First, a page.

The event is known as "flags in.'' It marks the beginning of Memorial Day weekend activities at the cemetery.
"Every person I walk by, I like to look at their name and understand who they are where they came from," said Cpl. Jonathan Little.
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An armed Muslim mob stripped an elderly Christian woman and paraded her naked on the streets in an attack last week in which seven Christian homes were also looted and torched in a province south of the Egyptian capital.
According to the local Orthodox Coptic church and security officials, the assault in the Minya province village of Karma on Friday began after rumors spread that the elderly woman's son had an affair with a Muslim woman — a taboo in conservative Egypt.
Police have arrested six men suspected of taking part in the violence and are looking for 12 more, the security officials said, speaking on condition of anonymity because they were not authorized to speak to the media.
Which countries have the most gold medals? And how much does it cost to host an Olympic Games? Get ready for the Rio Olympics – and the answers to those and many other Olympic-related questions – with this series of graphics.
The world's first set of surviving septuplets are now high school graduates.
The McCaughey septuplets — Alexis, Brandon, Joel, Kelsey, Kenny, Natalie and Nathan — graduated from Carlisle High School in Carlisle, Iowa on Sunday.
Kelsey, Nathan, Natalie and Joel will be attending Hannibal-LaGrange University in Hannibal, Missouri, which offered full scholarships to all of the McCaugheys in 1997, the year they were born.
Kenny and Alexis will live at home and attend Des Moines Area Community College, where Alexis will major in early childhood education and Kenny will work toward a degree in building trades/construction.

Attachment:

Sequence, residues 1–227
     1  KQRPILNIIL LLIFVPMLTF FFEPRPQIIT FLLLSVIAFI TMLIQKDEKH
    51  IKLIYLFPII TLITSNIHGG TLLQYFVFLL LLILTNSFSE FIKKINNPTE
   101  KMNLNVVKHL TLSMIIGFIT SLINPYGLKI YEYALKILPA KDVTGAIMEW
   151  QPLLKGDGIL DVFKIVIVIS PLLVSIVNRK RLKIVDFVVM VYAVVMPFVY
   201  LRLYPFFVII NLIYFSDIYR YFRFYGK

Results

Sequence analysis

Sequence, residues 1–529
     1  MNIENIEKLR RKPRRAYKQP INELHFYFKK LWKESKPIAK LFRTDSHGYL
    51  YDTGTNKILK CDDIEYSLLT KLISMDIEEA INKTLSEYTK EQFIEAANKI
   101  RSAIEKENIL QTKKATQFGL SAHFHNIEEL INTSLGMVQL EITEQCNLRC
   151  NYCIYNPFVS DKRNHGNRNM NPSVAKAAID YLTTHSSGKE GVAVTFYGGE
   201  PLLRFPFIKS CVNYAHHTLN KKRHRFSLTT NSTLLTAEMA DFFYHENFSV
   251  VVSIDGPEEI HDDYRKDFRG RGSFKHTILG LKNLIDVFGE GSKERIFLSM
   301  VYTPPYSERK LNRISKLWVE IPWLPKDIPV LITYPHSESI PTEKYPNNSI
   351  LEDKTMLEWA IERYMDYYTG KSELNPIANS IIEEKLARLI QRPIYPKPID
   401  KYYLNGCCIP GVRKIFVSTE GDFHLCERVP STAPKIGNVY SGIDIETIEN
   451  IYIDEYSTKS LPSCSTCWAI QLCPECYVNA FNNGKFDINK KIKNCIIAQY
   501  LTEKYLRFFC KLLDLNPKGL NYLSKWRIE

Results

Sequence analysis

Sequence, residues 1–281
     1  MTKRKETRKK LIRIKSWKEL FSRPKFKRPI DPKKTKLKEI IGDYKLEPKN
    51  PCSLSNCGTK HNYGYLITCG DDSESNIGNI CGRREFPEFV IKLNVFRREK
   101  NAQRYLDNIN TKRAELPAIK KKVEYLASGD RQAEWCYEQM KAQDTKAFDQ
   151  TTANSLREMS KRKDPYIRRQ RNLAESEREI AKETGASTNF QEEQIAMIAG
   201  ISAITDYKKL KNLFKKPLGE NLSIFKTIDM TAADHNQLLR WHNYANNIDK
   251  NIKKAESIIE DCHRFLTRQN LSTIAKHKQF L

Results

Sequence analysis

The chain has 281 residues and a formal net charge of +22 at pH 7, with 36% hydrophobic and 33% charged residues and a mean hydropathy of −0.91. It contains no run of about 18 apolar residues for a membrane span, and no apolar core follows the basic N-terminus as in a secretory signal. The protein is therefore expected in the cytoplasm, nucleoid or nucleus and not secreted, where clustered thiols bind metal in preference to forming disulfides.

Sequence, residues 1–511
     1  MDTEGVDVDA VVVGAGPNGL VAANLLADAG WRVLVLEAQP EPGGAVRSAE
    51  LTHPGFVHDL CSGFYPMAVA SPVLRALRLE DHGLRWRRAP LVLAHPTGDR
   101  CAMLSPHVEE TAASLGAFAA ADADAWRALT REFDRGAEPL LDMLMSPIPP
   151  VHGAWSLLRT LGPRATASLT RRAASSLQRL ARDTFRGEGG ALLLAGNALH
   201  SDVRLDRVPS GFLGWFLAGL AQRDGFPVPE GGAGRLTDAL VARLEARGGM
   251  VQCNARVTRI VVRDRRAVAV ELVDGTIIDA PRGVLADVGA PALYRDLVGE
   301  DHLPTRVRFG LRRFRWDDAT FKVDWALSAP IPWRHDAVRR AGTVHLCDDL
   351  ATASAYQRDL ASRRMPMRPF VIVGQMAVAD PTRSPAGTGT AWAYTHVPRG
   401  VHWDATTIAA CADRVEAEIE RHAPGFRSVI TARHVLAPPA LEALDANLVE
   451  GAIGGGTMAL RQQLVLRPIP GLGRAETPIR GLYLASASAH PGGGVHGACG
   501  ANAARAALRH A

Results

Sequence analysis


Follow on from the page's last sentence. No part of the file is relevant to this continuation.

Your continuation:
"We have been around each other the past 18 years," Kenny told NBC News. "I am ready to be on my way, and I think everyone else is, too."
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A partial report from a U.S. government study on on rats and mice has found a possible link between cellphones and cancer, giving new life to the longstanding debate over whether cellphone use might lead to cancer, NBC News reported.
The report is not finished yet, but advocates pushing for more research learned of the partial findings and the U.S. National Toxicology Program has released them early.
The partial findings suggest that male rats exposed to constant, heavy doses of certain types of cellphone radiation develop brain and heart tumors. But female rats didn't, and even the rats that developed tumors lived longer than rats not exposed to the radiation.
Dr. Michael Lauer of the NIH said there's just not enough information to say whether the experiment shows the radiation caused the tumors.
The National Toxicology Program, part of the National Institutes of Health, is still analyzing the findings.
What they do not show is whether humans are at any risk from using cellphones, or whether using a headset or keeping phones away from the head and body might make a difference.